growth averaged 250,000 per month from
December 2017 through February 2018. The
unemployment rate is the lowest since 2000.
However, despite adding these jobs, the
unemployment rate did not go down. It stayed
at 4.1 percent for six months. Despite the fact
that job growth actually slowed down in April,
the unemployment rate finally dropped to 3. 9
percent. How can we be adding all these jobs
and yet unemployment isn’t changing?
The unemployment rate is the ratio of
those actively looking for jobs to those in the
labor force, which is the sum of everyone with
a job and everyone actively looking. So, the
unemployment rate can stay the same even if we
add lots of jobs, as long as the labor force grows.
Some of that happens just because the population
is growing. It also occurs when people who had
stopped looking come back into the labor market
and once again start looking for jobs.
The U.S. labor force jumped by a whopping
800,000 people in February. Where did those
people come from? Most had been sitting on the
For the past few years, we have been
bemoaning the declining labor-force-participation rate of men. The best explanation
for what is happening is that those who had
given up looking are coming back into the
market because there are now more jobs
available—job hunting isn’t a pointless endeavor.
There are still 1.4-million people “marginally
attached” to the labor force; they want work but
aren’t looking. So, the job market could tighten
further and still have a lot of workers to draw in.
At the beginning of the year there was
evidence that wages were starting to rise at a
fast clip, which has receded with the recent data.
Basic supply and demand suggests that prices
have to rise when demand starts to exceed
supply. The fact that wages aren’t rising very fast
suggests we still have slack in the labor market.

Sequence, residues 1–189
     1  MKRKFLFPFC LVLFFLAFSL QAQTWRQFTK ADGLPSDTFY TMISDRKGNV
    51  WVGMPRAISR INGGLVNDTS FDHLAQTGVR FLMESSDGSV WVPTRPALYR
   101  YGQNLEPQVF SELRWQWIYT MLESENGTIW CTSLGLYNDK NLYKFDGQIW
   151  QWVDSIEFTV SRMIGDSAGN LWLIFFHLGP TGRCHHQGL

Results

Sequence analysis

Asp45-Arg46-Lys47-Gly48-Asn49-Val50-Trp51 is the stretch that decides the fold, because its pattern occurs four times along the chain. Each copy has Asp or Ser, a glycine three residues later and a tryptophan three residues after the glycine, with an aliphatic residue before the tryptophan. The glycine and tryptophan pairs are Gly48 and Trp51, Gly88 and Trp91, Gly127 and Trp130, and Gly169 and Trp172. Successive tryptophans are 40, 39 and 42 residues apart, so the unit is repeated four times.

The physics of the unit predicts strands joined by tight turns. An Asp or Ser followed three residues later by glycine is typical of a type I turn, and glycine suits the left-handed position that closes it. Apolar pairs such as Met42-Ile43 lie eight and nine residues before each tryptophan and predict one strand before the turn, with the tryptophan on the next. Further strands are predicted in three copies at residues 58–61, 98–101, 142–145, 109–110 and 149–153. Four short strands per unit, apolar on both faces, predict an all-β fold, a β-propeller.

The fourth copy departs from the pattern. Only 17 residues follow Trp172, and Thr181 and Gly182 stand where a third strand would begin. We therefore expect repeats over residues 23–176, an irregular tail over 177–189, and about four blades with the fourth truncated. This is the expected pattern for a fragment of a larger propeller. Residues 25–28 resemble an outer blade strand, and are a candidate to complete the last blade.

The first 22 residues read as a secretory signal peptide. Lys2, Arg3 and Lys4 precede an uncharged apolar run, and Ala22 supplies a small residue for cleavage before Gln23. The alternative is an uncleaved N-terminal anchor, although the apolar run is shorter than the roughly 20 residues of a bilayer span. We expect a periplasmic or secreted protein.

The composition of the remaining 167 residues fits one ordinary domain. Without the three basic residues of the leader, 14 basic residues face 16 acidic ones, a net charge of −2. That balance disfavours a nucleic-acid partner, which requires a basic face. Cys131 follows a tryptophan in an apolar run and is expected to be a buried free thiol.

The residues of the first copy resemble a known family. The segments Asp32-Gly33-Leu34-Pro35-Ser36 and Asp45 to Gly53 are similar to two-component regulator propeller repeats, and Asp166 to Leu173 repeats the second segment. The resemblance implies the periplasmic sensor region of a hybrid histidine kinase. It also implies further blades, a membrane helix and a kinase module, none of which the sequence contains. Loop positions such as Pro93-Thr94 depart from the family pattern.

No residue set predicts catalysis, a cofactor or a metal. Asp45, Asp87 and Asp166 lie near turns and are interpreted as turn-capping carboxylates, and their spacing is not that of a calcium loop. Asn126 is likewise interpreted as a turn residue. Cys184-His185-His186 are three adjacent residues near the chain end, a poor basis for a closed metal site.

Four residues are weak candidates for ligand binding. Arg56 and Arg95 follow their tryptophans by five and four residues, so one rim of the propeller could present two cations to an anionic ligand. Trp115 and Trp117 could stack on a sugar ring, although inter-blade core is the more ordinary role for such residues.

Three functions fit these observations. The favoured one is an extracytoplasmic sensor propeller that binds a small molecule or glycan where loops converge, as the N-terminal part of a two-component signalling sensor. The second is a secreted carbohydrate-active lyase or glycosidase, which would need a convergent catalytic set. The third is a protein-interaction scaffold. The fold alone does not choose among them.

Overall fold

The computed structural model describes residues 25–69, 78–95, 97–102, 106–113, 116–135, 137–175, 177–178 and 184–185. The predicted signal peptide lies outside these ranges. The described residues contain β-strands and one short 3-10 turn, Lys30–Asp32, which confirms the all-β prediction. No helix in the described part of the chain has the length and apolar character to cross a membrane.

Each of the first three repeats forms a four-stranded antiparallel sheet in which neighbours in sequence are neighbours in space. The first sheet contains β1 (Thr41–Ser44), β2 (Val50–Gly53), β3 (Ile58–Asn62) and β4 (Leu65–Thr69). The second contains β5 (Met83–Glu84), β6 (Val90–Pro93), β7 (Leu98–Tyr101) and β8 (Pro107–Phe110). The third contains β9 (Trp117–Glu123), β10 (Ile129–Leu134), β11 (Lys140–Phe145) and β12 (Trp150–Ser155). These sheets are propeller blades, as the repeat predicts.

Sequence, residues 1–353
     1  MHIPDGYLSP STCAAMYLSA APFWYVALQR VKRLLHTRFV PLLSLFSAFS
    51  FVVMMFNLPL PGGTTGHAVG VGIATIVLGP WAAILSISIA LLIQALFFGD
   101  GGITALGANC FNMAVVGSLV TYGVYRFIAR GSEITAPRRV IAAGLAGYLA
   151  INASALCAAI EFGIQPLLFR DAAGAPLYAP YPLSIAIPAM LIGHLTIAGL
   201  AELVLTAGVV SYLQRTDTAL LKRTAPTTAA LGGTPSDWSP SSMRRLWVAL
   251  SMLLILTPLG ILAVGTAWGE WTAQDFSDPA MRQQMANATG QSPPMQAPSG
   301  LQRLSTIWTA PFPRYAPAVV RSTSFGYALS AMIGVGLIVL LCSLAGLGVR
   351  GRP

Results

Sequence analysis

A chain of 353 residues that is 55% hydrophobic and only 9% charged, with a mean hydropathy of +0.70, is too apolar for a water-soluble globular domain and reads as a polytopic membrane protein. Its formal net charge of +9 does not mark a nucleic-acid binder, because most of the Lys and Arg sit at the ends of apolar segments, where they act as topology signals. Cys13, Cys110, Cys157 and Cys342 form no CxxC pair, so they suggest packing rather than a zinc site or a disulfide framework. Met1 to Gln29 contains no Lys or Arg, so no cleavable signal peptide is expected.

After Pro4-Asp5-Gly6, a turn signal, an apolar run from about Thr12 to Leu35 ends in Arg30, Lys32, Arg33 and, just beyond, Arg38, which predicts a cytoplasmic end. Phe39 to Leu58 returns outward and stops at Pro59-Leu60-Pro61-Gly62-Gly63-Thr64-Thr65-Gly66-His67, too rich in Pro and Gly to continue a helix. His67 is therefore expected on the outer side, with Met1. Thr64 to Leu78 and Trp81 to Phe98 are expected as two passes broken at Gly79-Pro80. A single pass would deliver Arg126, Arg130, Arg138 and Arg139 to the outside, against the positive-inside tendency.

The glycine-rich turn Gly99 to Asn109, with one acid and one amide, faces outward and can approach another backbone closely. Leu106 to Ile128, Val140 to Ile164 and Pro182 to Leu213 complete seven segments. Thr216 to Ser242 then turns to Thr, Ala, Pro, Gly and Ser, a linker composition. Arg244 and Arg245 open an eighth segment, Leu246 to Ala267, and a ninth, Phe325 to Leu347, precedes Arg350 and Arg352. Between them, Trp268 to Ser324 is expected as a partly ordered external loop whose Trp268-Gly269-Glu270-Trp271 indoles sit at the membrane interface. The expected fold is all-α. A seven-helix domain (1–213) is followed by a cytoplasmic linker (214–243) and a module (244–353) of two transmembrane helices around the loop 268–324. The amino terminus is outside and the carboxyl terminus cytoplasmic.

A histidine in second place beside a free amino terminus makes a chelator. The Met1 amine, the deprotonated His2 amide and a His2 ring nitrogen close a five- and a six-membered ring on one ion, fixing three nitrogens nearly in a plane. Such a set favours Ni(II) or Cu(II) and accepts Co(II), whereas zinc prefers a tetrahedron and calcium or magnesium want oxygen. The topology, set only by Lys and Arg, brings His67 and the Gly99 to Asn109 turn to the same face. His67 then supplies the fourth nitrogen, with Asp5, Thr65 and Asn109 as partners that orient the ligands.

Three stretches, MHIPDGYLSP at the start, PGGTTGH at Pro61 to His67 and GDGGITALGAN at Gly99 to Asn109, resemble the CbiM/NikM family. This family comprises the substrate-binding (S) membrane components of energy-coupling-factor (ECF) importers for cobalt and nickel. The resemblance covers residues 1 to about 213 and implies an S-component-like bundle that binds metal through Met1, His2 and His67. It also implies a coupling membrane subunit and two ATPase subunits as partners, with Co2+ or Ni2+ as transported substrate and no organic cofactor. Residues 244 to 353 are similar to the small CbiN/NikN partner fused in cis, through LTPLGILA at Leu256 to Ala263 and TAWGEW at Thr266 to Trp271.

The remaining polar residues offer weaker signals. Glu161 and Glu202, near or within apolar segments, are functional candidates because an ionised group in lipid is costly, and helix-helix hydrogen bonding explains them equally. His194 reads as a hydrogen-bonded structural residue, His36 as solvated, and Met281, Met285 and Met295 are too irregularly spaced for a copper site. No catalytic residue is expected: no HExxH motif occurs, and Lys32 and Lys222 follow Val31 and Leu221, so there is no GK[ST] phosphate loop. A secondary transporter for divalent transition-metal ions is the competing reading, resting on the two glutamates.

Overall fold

Here’s another reason for the slack. The last
10 years have been an incredible buyer’s market
for employers. But for job seekers, it’s been
quite a different tale: Nine million lost their jobs,
and the Department of Labor’s comprehensive
measure of unemployment, which includes
discouraged workers, is still above pre-recession levels. In these really soft job markets,
employers may increase job requirements to
weed out the worst candidates.
Perhaps. But recent stories in the press
suggest employers are no longer as concerned
about hiring applicants who have criminal records
and they are backing off some of the more
aggressive drug tests. This makes it easier to
hire, and it reduces the pressure to raise wages.
My bet is that the concern about raising
wages is far more important to most employers
than the concern about hiring less-qualified
applicants, and that the backing down on job
requirements will continue. None of this suggests
that hiring will be easy—nor does it say that the
labor market won’t eventually get so tight that
wages will rise substantially faster than inflation.
But we’re not there yet. The Great Recession
created an enormous hole in the economy and
we are still digging out of it.
Peter Cappelli is the George W. Taylor Professor
of Management and director of the Center for
Human Resources at The Wharton School of the
University of Pennsylvania in Philadelphia. Send
questions or comments to firstname.lastname@example.org.